Jockey Rafael Bejarano won his comeback race Wednesday at Turfway Park after more than four weeks on the sidelines, but only after he was involved in an incident on a Lima, Peru-to-Miami flight that sparked an FBI investigation.
Traveling on American Airlines Flight 918, Bejarano was returning to the United States on Tuesday after a lengthy stay in Peru, where he was visiting his family while healing from rib injuries incurred in an Aug. 14 spill at Saratoga. Two hours into the flight, he was involved in a dispute with a 56-year-old Japanese national who had been acting strangely for a good deal of the flight, authorities said.
The situation developed when the older man sat down next to the jockey, made a comment about Bejarano's personal hygiene, and sprayed him with perfume, investigators said. When Bejarano took out an iPod in an attempt to ignore the other passenger, the older man began to elbow him violently.
"When he pulled out his iPod, the guy went nuts, thinking it was dangerous for the plane," said Julio Espinosa, a local agent who met Bejarano at the airport in Louisville, Ky., the next day.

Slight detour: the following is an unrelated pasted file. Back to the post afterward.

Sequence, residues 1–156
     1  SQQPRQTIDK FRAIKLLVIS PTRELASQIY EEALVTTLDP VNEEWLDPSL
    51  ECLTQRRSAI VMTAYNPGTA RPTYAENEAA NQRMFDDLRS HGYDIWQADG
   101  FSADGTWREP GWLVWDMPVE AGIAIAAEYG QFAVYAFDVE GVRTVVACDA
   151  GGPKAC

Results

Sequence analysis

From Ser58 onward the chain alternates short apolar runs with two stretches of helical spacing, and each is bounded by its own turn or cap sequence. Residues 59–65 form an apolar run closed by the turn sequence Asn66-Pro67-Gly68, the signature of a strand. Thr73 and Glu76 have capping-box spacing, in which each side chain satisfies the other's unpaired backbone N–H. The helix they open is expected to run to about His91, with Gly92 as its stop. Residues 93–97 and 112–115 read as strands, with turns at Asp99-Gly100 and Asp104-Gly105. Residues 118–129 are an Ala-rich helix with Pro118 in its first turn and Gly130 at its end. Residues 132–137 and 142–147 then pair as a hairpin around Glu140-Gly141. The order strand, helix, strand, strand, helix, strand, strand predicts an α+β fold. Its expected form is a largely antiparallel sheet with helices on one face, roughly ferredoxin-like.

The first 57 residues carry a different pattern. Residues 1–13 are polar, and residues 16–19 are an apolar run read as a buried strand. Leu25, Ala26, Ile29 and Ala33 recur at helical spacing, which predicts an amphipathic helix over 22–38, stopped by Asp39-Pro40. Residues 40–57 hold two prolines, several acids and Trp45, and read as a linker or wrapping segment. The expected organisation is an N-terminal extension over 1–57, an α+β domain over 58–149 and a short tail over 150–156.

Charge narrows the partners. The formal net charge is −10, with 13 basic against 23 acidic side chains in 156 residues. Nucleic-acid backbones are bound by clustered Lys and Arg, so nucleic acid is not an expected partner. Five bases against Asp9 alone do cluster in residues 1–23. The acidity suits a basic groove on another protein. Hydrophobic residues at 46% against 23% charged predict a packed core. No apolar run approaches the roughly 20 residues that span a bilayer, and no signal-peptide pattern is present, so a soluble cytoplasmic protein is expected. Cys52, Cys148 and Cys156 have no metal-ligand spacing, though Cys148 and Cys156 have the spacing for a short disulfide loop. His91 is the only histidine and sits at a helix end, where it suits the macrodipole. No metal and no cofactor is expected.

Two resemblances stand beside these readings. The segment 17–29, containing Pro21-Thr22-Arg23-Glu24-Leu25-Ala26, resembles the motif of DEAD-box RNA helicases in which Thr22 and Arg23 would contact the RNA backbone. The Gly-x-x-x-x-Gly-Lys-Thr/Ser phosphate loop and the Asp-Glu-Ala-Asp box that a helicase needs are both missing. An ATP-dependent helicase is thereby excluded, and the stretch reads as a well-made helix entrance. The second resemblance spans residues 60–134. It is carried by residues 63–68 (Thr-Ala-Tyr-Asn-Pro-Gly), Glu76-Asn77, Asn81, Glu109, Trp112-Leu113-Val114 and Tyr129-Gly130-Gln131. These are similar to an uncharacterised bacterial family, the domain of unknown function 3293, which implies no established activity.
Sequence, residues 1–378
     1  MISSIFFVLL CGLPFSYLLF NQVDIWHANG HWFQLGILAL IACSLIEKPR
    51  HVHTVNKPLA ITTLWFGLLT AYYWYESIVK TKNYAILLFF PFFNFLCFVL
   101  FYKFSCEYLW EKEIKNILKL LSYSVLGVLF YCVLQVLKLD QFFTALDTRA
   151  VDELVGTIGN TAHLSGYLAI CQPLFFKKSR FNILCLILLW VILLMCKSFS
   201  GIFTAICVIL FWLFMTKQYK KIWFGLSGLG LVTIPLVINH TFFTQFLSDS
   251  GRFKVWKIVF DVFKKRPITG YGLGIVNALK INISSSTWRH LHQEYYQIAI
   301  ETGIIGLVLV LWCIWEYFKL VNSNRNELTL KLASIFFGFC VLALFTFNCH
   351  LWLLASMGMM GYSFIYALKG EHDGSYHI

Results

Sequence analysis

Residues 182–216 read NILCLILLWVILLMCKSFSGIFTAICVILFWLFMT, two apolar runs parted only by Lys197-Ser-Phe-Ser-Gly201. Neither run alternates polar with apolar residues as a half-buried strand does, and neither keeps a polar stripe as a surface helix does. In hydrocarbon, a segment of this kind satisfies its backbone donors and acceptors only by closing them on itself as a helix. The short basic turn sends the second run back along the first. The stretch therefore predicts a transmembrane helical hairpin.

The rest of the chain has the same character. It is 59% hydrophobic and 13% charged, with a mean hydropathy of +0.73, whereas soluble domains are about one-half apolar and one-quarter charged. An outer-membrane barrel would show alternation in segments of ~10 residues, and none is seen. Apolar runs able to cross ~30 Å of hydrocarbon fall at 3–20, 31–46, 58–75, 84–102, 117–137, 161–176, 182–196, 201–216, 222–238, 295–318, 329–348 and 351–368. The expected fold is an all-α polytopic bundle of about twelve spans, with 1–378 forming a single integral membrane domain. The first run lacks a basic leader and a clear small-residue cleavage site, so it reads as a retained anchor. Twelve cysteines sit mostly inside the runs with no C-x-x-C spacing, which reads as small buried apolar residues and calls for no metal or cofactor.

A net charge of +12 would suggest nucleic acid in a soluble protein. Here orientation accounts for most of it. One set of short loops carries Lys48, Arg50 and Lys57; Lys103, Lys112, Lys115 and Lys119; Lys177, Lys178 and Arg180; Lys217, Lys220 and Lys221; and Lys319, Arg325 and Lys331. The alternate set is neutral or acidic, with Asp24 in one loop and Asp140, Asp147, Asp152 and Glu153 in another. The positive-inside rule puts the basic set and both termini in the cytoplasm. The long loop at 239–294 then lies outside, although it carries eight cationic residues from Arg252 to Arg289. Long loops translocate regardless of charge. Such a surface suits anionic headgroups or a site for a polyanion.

Bejarano called for assistance, and crew members were able to separate the two passengers for the remainder of the flight. When the plane arrived in Miami at about 6 a.m. EDT Sept. 27, both men were detained for questioning. Because the altercation took place over international waters, the FBI handled the investigation.
"It wasn't a big deal, really," Espinosa said. "After the flight, they asked Rafael if he wanted to press charges, but...Rafael's not the type to try to get money out of someone, especially since he wasn't hurt by the incident."
Witnesses told the Miami Herald
the older man had been acting strangely during the entire flight, even lying down in the aisle to pour a glass of water on his head at one point. He had been prevented from boarding an earlier flight out of Lima at the beginning of the week after exhibiting similar "unusual behavior" in the airport, according to published reports.
"I didn't really understand what was wrong when the guy started hitting me," Bejarano said. "Maybe he was on medicine or something and felt crazy at the moment. I don't know, but I think he had something wrong with his mind, you know? I just tried to protect myself and everybody tried to relax the guy, and that was it."
Both men were released following the investigation, and Bejarano returned to racing at Turfway that night with a 6 ¾-length win aboard Hit the Hardwood for trainer Craig Holstein in the third race.
"I had a really good time in Peru, I got to do a lot of traveling," he said. "I feel great, I'm happy to come back normal and put some time in at Turfway to get ready for Keeneland."